And the NGS negotiations may hit a Beijing road block. Ravni gives a good backdrop the coming negotiations, painting China as the critical player:

India has already received broad support from Russia, Britain and France. India’s cooperation and growing engagement with Brazil and South Africa under the IBSA framework has also lead these countries to support India’s use of civilian nuclear technology. Australia [Note: Australia previously opposed to deal], too, seems to have veered around to supporting India’s right to civilian nuclear technology. In the past the NSG has always worked on a consensus and Indian interlocutors will hope to achieve this consensus in their favour. Here the position taken by China will be of great importance to India.

DNA views China as opposing the deal:

China has emerged as a source of concern as India begins the next stage of negotiations for implementation of the nuclear deal. According to a senior official who spoke on condition of anonymity, the government is disturbed by reports of a quiet Chinese effort to block India’s bid for an unconditional waiver from the Nuclear Suppliers Group (NSG) for participation in international nuclear trade.

All this seems to only lead to the same murky conclusion: The fate of the US-India nuclear deal, clouded in doubt for over a year, is still uncertain.

Posted in Bush administration, Council on Foreign Relations, India, Nicolas Burns, NPT, NSG, Nuclear Deal, U.S. India Nuclear Deal | Leave a Comment »

Monday Morning Brew

Posted by K.E. White on April 30, 2007

Pakistan on High Alert – Owing to worry over suicide bombing plots and an assassination attempt on the Pakistani Interior Minister. The suspected source? Waziristan. But at least Pakistan and Afghanistan have vowed to fight terrorism—when not jockeying for regional influence.

News-Shocker: UN Chief states NPT suffering a “crisis of confidence.” Iran and North Korea agree.

But at least the message was read by an aide, so the crisis must not be in full bloom. And worry not—preparations for the 2010 review conference are still underway, and fraught with delay.

Serbian ‘Kosovo Guard’ strokes fear of ethnic conflict in Kosovo. Plans for Kosovo independence will undoubtedly cool tensions.

Arianna Huffington asks the obvious on George Tenent’s White House criticisms.

Posted in Arianna Huffington, Ban Ki-moon, Kosovo, Kosovo Independence, NPT, NPT Vienna Conference Meeting, Pakistan | Leave a Comment »

South Africa Going Nuke Again?

Posted by K.E. White on April 8, 2007

No, this is not a return to a nuclear-weaponized South Africa.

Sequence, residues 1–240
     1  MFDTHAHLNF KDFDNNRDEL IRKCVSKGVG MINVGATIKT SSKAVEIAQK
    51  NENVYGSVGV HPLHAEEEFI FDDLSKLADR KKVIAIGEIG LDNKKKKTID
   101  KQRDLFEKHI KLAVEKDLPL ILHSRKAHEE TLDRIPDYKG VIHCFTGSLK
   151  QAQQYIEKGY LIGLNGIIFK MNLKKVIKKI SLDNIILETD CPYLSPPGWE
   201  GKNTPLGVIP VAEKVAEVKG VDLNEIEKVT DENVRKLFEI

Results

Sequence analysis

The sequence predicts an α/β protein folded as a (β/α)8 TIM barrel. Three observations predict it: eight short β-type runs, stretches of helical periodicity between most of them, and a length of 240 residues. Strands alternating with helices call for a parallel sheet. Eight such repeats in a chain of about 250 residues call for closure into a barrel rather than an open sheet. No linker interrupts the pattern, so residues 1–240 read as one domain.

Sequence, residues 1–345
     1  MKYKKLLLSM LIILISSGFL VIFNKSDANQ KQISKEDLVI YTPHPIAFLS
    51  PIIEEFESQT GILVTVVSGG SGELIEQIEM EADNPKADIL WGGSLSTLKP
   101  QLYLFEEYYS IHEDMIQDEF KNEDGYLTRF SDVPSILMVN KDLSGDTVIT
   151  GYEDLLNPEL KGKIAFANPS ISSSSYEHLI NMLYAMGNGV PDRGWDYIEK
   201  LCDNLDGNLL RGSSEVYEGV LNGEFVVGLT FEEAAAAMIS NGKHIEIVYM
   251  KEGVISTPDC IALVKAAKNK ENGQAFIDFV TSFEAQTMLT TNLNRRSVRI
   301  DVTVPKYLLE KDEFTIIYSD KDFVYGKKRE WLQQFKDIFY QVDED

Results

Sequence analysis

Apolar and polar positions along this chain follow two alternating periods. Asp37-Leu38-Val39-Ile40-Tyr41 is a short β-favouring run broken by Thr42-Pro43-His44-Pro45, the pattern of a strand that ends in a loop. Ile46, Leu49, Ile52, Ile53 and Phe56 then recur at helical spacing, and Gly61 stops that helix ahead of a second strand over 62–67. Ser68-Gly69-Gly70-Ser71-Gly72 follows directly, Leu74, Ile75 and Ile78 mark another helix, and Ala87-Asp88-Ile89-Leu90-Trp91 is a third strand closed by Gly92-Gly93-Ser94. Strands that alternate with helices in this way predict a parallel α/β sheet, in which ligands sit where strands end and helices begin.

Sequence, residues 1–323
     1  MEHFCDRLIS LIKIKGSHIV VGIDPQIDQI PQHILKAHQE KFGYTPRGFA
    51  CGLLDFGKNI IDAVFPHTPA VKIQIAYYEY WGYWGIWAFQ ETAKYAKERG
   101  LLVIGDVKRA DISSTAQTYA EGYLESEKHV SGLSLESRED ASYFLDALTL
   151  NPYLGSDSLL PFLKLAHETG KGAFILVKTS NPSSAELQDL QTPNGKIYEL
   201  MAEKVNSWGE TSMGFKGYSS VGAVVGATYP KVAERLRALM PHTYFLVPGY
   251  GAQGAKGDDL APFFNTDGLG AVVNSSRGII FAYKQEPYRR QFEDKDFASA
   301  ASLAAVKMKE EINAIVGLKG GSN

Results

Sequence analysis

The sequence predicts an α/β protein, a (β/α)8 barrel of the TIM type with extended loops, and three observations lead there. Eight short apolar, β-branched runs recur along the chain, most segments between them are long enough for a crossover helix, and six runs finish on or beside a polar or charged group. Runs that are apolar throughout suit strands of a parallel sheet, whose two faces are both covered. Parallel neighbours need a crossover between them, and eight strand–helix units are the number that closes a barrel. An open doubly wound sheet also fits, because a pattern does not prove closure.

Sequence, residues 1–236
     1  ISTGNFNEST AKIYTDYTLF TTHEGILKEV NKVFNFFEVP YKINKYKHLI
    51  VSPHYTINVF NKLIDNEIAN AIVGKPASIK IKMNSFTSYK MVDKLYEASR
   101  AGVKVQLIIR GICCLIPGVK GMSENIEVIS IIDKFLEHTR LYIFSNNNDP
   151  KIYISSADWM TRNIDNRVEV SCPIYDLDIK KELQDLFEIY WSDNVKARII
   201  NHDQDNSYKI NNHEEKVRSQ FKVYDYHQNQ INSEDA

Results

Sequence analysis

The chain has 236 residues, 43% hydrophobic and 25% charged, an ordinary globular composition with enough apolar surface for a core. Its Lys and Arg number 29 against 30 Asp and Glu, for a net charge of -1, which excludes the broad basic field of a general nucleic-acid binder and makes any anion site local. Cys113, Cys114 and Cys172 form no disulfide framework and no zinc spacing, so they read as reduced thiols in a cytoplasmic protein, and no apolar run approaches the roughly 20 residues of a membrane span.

South Africa

But South Africa may develop a new nuclear power facility.

This might not seem like big news, but what happens if South Africa—a leading member of the Nuclear Nonproliferation Treaty—demands its own enrichment capability?

That’s unlikely: Any nuclear power expansion in South Africa will most likely be accepted and endorses by the international community.

But one thing is clear: how the major nuclear powers—Russia, America, and Germany in particular—deal with South Africa’s growing nuclear appetite will be watched closely by Iran and other potential nuclear aspirants.

Why the change? Russian interest in uranium. From Mining News Weekly in March:

There is huge interest from Russia in joint ventures with South African companies to mine uranium in South Africa and elsewhere in Africa. The recent agreement between South Africa’s Harmony Gold and Russia’s Renova Group looks like being only the first manifestation of this Russian interest. The outcome of the alignment between these two companies could be Renova buying Harmony’s uranium assets and Harmony buying Renova’s gold assets (these would be two separate deals). Both the South African and Russian governments have pledged to assist Harmony and Renova in the implementation of their agreement.

However, Renova is apparently also seeking other South African partners for uranium-mining joint ventures (JVs). South Africa’s Department of Minerals and Energy is, it seems, willing to draw up a list of local companies that could partner Renova, although the decision of which company or companies the Russians would chose would be made by Renova, on a business basis.

 

This minor development can even be seen as consistent with South Africa’s nuclear policies of the last two decades. From the Federation of American Scientists:

A primary goal of South Africa’s policy is to reinforce and promote the country’s image as a responsible producer, possessor and trader of advanced technologies in this field. In this connection, South Africa has obtained membership from two important non-proliferation regimes. The Nuclear Suppliers Group [NSG] was established in 1975 to minimise the risk of diversion of nuclear technology and to regulate nuclear technology transfers, control the export of nuclear material, equipment and technology and monitor the transfer of dual-use materials. South Africa became a member of the NSG on 5 April 1995. The Zangger Committee defines and monitors trade in goods and equipment especially designed for nuclear uses. South Africa became a member of the Committee on 21 October 1993.


But at a time when Iran is justifying its nuclear program with calls to nuclear-fairness, any nuclear deal (be it with India or South Africa) becomes significant. Can the NPT regime prove flexible enough to both 1) adequately address nations’ growing demands for nuclear energy while 2) stopping the spread of nuclear weapons?

Posted in Harmony Gold, NPT, Nuclear, Nuclear Nonproliferation Treaty, power, Renova Group, Russia, South Africa | 1 Comment »